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A Beginner’s Guide to Boho Fashion

Finding your own unique style is a process. Whether you’re a teen looking for a way to express yourself, or a full-grown adult wanting to change up your wardrobe, it takes some trial and error. But if you’re reading this, you’ve found your way to bohemian fashion.

Boho clothing has been my go-to style choice for a few years now. I’m a sucker for vintage-inspired looks and consider myself somewhat of a hippie. Boho fashion is most commonly linked to the peace and free love era of the 1960s and 70s. Using materials inspired by nature, boho clothing is known for loose and flowy silhouettes with bold and retro patterns, warm and neutral tones, with eye-catching accent pieces.

A Brief History of Bohemian Style

Although it’s easy to assume boho clothing first appeared on the style scene in the 1960s, you might be surprised to hear that bohemian fashion has been around for over 200 years. After the French Revolution, artists found themselves thrust into poverty. Once gainfully employed by wealthy aristocrats and nobility, they no longer had a steady stream of wealthy clientele.

This collective of painters, writers, musicians, and other members of the arts community adopted a nomadic lifestyle. They lived modestly and wore out-of-style, used, and worn-out clothing. As a result, they became known as bohemians and were the first incarnation of the counterculture associated with boho style.

As the bourgeois lifestyle collapsed, the Romantic Movement ascended. Bohemian artists became representations of their own creations, using their style as an outward expression of their creativity. During the Victorian era, boho style rejected social constraints on women’s fashion, trading corsets, crinolines and rigid bodices for loose, soft, and hand-embroidered pieces.

Much like past generations who gravitated toward boho fashion, the counterculture movement of the 1960s and 70s adapted the style to separate themselves from the materialist nature of their parents’ generation. Beatniks donned turtle necks and striped shirts, bringing a serious tone to counterculture fashion, while hippies mixed old western pieces into their outfits, wearing prairie skirts and fringed leather jackets.

The Modern Bohemian

Looking into the history of a subject, whether that’s fashion, medicine, architecture, or literally any other topic, puts into perspective whatever it is you’re studying. For fashion, it puts into perspective how a specific style evolved. Knowing who influenced it provides some insight into why you’re drawn to the aesthetic. Do you find yourself feeling a bit removed from today’s society? Do you find pleasure in the simplicities of life and wish to incorporate that into your self-expression?

Maybe you do, maybe you don’t, but regardless boho fashion is a great choice if you want to dress comfortably but still look put-together. Much like the first adapters of boho fashion, today’s boho style can’t be put into one box. But, if you’re looking to start building or adding to your boho wardrobe, a few elements are a must-have.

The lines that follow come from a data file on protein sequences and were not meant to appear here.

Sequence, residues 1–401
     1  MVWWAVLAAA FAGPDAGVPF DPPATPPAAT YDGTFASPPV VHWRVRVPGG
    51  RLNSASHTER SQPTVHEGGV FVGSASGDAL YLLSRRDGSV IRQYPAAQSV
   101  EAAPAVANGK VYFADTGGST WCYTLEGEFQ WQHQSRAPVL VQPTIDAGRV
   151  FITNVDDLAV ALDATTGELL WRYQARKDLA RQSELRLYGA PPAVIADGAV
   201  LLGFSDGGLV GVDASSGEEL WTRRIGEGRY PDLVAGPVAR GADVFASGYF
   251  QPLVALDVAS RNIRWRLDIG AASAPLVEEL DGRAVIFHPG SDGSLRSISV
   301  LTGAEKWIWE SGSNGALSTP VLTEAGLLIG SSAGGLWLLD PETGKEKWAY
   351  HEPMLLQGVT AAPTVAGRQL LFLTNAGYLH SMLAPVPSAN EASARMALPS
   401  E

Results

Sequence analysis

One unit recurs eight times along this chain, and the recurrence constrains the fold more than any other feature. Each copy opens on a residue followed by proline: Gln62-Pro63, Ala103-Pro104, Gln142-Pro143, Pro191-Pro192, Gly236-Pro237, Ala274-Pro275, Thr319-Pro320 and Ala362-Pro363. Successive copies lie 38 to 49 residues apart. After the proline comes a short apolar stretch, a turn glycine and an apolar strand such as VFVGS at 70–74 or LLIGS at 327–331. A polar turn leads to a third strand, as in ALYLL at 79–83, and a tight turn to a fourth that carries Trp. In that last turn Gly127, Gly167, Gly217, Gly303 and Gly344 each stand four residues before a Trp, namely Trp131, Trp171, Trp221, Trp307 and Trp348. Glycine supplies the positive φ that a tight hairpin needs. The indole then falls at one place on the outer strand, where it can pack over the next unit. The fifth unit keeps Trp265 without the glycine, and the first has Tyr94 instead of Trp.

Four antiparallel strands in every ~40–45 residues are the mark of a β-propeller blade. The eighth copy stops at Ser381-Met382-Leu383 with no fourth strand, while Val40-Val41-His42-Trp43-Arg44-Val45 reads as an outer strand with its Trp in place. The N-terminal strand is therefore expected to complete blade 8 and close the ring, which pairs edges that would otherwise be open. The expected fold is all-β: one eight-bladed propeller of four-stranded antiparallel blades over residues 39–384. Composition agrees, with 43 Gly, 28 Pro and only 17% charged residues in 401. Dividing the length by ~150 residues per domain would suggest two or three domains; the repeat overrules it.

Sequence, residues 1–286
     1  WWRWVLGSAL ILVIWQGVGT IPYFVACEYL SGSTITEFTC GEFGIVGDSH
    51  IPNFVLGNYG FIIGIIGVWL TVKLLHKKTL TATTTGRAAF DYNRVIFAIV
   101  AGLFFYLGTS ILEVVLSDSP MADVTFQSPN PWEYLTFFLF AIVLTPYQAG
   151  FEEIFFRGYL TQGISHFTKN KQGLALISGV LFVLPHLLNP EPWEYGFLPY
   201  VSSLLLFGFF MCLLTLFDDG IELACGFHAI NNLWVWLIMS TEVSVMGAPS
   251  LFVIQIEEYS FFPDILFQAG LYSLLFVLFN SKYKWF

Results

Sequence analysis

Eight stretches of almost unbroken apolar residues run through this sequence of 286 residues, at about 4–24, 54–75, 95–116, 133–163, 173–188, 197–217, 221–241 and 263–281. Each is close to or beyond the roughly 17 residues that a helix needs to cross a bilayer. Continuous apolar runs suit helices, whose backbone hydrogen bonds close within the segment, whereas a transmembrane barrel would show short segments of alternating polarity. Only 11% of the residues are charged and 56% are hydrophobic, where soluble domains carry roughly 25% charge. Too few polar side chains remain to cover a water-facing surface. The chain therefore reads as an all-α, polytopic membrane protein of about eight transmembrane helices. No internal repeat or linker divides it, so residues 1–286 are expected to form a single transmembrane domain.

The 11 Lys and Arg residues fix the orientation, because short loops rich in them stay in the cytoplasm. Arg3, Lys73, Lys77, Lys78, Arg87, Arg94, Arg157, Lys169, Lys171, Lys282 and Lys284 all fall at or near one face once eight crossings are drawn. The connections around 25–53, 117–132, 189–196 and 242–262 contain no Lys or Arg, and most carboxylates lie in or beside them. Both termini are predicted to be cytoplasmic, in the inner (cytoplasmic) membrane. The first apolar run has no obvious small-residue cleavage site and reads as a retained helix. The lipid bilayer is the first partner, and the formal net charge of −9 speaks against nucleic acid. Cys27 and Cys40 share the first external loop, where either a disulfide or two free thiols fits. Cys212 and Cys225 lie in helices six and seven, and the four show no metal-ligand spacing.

The Color Palette

Personally, my wardrobe contains a lot of colors. But over the years, I’ve found what hues work with my skin tone and personal style expression and what don’t. So finding your color palette preference is a good place to start before spending money on pieces for your wardrobe.

Some helpful tips: Find one color you absolutely adore, and then look for its sister and cousin shades. For example, add burgundy, redwood, squash, peach, and rose to your palette if you like red. When you have a few color families at your disposal, you make your wardrobe more versatile and allow the easy mix and match of pieces.

Your Go-To Top

These are just two examples of the many boho looks you’ll find for tops. Because the weather is getting chillier by the day, I chose two pieces that will keep you warm in the winter without sacrificing style. The velvet lace button-down would pair perfectly with a pair of jeans or over a dress. The copper-toned flowy blouse on the right pairs well with jeans or a skirt.

Bottoms Up Next

Next up, add bottoms to your wardrobe. I’ve included a pair of pants and a skirt for your reference. For jeans, look for a bootleg or a flare cut. This pair has embroidered flowers in several places and adds that element of whimsy that is so closely associated with boho style. On the right, notice the flowing movement of the skirt. Hitting mid-shin, the mix of patterns and textures gives major hippie-chic vibes.

Dress for Success

These two dresses represent the key themes of boho style: mixing patterns, romantic fabrics, and warm color tones. The dress on the left is flowy with a mix-match of nature-inspired patterns, while the dress on the left is effortlessly sophisticated. Also, if you’ve ever seen Schitt’s Creek, you may recognize it as being “a little bit Alexis” (Alexis Rose is the Queen of boho chic).

In Conclusion

Boho isn’t just a trend. It’s a lifestyle. With a rich history of artists, free-thinkers, and intellectuals, boho style is a great way to express your greatness. Happy shopping!